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    The next time you get your hands on a magnify glass, instead of looking through it, Hold it above the table top beneath a ceiling light and watch the spot of light formed by the lens. Move the lens up and down watching the spot of light. You should be able find an image of the light bulb (or source) This will work for any relatively bright source of light.
  8. Apr 21, 2005 #7
    To Aviator
    as Integral said this is geometric optics ( that means straight line ray tracing )
    To understand this you need to understand what a simple lens does .
    Take a point object emmitting light towards a simple lens , on the far side those rays will come to an almost point also but at a given distance . But only at ONE distance .
    That is the object to lens distance changes the point at which the rays focus .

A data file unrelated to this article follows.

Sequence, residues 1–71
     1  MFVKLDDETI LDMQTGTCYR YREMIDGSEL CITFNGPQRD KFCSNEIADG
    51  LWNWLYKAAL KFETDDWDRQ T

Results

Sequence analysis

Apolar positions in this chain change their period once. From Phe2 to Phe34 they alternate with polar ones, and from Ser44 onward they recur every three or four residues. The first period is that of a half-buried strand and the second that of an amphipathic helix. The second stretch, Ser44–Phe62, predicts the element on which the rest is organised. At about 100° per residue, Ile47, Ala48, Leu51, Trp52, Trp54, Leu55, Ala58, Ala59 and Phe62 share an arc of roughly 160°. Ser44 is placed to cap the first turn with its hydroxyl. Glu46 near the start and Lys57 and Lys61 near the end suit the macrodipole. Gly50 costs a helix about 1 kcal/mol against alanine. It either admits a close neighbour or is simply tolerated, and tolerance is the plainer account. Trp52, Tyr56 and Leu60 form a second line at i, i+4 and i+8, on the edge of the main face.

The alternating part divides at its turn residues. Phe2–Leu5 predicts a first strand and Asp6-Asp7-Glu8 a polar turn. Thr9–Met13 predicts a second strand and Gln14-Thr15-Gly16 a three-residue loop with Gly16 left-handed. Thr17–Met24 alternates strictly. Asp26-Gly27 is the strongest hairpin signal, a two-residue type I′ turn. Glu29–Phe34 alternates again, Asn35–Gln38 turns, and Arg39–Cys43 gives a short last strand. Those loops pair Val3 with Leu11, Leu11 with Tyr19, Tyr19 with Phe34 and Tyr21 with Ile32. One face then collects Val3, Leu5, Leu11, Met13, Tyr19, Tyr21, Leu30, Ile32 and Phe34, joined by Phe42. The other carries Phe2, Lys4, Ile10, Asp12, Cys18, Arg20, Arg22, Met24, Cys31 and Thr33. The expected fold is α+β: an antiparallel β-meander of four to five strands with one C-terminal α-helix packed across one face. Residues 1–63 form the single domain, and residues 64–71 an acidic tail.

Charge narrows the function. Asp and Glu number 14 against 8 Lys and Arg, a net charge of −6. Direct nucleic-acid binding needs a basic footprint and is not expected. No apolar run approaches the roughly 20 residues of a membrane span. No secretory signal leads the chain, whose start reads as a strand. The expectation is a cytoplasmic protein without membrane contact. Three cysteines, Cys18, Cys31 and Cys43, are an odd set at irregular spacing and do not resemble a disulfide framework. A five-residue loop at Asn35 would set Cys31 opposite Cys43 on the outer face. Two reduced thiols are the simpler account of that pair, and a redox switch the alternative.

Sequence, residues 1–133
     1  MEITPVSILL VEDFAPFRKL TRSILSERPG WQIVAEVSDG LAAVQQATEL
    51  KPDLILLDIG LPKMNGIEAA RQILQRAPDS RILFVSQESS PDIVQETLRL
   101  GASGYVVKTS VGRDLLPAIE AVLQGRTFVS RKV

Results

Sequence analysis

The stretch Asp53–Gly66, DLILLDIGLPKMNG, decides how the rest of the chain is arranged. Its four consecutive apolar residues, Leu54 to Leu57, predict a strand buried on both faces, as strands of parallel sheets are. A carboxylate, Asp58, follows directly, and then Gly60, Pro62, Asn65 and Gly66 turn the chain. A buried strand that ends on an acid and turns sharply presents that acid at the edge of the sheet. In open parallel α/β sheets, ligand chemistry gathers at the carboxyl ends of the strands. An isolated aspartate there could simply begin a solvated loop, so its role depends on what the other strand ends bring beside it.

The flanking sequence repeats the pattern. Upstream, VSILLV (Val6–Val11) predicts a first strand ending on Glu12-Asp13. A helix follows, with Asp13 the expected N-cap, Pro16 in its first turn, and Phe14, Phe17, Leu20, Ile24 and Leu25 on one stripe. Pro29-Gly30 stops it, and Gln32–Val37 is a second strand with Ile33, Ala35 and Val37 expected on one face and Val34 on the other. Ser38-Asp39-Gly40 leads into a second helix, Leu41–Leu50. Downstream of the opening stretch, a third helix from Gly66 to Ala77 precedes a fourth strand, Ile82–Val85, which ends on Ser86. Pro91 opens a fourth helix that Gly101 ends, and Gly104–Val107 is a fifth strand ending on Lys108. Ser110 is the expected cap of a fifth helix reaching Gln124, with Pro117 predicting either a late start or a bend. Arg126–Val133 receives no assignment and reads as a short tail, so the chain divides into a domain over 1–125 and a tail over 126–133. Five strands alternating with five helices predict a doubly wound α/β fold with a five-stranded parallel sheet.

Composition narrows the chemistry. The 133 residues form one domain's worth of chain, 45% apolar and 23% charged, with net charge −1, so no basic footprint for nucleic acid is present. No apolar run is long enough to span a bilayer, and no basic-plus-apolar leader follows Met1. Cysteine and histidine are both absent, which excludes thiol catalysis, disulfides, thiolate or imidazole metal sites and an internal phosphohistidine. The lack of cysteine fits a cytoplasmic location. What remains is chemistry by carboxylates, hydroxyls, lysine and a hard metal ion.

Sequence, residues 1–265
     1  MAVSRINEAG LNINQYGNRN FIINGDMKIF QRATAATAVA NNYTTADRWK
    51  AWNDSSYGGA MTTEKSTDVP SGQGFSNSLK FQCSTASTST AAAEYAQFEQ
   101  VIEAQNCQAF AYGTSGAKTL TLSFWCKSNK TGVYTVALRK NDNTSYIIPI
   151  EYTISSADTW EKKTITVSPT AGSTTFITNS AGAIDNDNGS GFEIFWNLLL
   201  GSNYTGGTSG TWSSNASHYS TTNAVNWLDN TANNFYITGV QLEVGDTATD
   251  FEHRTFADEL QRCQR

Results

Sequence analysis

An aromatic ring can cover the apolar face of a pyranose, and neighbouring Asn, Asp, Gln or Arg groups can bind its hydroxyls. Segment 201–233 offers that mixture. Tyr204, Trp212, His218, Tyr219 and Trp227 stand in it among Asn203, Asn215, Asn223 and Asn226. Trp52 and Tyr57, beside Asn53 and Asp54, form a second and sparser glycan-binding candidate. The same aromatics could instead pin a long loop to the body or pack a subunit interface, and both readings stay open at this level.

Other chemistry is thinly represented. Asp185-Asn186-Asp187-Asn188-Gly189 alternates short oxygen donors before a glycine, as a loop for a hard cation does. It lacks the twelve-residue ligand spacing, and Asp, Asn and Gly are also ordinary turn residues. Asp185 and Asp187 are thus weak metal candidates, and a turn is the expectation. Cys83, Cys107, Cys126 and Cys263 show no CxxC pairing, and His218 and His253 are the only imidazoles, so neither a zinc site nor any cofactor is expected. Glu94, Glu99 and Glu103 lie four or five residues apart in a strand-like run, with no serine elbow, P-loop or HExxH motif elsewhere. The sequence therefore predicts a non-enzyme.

Attached Files:

  9. Apr 25, 2005 #8
    it think i know the answers to my questions now:

    in a box camera with no lenses theres no focusing and by moving back the film you zoom and by moving it forward you increase the angular

    with a magnifying glass you can focus light in a spot but if you take the glass away of it theres no way you can concentrate light therefore theres no focusing when a hole

    besides in the formula 1/f = 1/o + 1/i if the i and the f has to be the same so the image estays focused would imply 1/o = 0 which is imposible
  10. Apr 25, 2005 #9


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    Could you rephrase this in english?
  11. Apr 26, 2005 #10
    my point is that a box camera works as a perfect conic perspective with no focus.